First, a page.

Histology FAQ

Staining, Histochemistry and Histotechnology

(Frequently Asked Questions)


Dr. John A. Kiernan
Department of Anatomy and Cell Biology
The University of Western Ontario
London, Canada



FAQ Home > Sectioning, Slide Adhesive, Mounting


Sectioning plastic-embedded specimens


How do you cut flat sections of materials embedded in poly(glycol methacrylate) (GMA) and other resins, for light microscopy?

Answer 1.

I always use glass knives (standard or Ralph type) but using tungsten carbide should not be a problem.

Cutting speed is (in my experience) critical, and have found that very slow (almost to the point of stop!) will provide a crease free section. This is where patience is a virtue: tedious but worth the wait.

The section may tend to "roll" but this is not a problem, in fact I find this an advantage. Simply remove the section from the blade and place onto a warm surface (the palm of your hand will suffice) and watch in amazement as the section unfolds (a bit like those fortune fish from many years ago). Then drop the section onto warm distilled water to remove any further folding. It's a bit laborious, but usually best to handle only one section at a time. I hope this is of some help. There are also a few "tricks" with the staining!

Terry Hacker
MRC Harwell, Oxfordshire, England

Answer 2.

I have cut a lot of plastic, and here's what I do:
    (1)  Cut at about 6-7 microns.
    (2)  Soak, soak, soak! (about 2-3 hours depending on what kind of polymer).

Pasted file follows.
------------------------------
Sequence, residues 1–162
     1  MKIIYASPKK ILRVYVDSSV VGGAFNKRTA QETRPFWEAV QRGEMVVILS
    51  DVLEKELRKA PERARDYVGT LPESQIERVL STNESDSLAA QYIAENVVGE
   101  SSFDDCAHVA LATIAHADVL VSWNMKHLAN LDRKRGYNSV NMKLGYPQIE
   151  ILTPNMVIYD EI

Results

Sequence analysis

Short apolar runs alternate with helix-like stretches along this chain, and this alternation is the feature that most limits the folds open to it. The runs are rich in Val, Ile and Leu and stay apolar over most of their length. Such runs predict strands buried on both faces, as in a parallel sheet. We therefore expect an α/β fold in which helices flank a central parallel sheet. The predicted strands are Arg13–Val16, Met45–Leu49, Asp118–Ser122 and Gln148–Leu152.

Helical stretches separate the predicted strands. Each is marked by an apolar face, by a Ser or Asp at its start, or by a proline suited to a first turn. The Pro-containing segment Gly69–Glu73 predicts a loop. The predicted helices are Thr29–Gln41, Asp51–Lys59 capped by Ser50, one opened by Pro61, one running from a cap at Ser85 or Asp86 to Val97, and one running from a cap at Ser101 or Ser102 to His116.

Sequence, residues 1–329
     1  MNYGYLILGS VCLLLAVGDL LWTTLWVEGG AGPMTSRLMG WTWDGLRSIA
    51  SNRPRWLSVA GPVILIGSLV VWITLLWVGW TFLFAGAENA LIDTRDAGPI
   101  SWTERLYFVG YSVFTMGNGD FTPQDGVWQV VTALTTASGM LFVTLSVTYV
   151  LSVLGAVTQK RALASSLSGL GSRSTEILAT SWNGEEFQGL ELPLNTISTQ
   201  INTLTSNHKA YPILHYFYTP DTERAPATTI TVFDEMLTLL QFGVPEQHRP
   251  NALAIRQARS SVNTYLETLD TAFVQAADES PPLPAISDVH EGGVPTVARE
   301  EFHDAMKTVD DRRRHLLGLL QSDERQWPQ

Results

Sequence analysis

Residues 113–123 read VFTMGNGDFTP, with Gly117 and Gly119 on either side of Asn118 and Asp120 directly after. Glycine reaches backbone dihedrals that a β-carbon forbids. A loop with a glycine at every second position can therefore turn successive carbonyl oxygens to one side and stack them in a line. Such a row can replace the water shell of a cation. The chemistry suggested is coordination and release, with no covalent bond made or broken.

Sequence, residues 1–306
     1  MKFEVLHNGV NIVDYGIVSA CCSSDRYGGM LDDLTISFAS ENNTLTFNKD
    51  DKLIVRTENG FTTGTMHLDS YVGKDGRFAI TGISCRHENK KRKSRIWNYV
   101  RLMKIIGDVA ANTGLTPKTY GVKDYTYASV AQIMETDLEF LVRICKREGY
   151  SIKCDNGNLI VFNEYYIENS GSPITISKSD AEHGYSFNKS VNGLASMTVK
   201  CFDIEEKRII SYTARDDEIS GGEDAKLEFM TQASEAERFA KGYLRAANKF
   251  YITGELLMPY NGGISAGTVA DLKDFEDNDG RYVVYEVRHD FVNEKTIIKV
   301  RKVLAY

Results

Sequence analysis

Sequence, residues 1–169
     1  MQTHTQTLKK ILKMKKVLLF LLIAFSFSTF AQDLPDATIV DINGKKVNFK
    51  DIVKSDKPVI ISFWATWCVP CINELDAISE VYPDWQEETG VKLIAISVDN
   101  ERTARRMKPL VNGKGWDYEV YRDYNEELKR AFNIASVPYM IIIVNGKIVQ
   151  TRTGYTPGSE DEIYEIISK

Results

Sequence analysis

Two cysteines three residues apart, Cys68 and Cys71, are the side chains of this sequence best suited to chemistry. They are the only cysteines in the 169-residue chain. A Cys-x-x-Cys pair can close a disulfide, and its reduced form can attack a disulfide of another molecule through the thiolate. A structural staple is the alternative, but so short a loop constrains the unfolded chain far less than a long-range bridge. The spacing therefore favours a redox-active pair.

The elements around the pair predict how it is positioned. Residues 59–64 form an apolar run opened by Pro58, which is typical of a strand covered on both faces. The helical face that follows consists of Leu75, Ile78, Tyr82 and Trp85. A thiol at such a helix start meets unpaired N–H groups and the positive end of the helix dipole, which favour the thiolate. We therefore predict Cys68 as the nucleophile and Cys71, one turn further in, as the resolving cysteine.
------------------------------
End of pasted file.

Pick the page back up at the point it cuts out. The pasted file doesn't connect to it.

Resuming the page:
(3)  Use positively charged slides, with Elmer's glue in the waterbath.
    (4)  Use one of the newer, heavier microtomes (we have the Leica 2035s).

Lori Miller
Flagstaff, AZ

Answer 3.

Plastic sections do not ribbon, unless you put a dab of rubber cement on the the top and bottom of the block, but usually we pick them up one section at a time.

Curling is very common. What I do is start the sectioning but do not finish; keep it attached to the block, then you can use a brush or fine forceps and unroll it, pulling at a diagonal. Leaving it attached lets you pull without completely pulling the section off the block. When you have it fairly open and flat, complete the sectioning stroke thereby releasing the section. I used to slide the MMA section onto a spatula, keeping it wet with alcohol, and then slide it off the spatula onto a slide onto a hot plate. Keep dropping alcohol onto to the section and it should flatten out.

GMA is much easier to pick off the block.  Do the same thing but keep everything very dry, pick up the section with a fine forceps and drop it onto a water bath and it will flatten out. Scoop onto a slide from the water.

Patsy Ruegg